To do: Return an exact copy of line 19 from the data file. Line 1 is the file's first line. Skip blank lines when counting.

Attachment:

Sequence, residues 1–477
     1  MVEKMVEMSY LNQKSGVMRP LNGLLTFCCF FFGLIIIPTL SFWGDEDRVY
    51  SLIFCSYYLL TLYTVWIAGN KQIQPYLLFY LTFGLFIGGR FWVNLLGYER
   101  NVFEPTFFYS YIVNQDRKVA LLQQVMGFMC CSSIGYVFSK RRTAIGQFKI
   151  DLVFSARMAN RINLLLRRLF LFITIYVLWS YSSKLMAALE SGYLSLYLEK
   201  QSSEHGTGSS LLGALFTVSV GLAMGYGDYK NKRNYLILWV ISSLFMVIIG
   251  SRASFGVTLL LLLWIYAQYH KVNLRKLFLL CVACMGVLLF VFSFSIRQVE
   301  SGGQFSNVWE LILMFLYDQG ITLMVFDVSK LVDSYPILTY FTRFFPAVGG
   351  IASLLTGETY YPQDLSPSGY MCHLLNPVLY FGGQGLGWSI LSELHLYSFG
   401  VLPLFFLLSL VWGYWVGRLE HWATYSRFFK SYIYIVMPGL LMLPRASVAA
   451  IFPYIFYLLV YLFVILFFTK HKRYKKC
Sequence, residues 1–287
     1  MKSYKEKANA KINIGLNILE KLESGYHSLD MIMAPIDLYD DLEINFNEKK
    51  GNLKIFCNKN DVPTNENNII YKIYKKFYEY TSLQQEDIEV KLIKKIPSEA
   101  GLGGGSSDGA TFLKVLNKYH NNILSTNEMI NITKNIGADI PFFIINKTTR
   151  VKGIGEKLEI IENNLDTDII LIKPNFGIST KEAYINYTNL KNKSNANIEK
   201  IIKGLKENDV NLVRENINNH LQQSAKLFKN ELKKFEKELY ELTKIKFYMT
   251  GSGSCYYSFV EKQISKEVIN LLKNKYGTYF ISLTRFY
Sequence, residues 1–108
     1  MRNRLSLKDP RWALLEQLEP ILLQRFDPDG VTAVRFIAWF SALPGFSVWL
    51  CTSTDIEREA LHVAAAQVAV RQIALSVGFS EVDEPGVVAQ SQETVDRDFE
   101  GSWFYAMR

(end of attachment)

Sequence, residues 1–108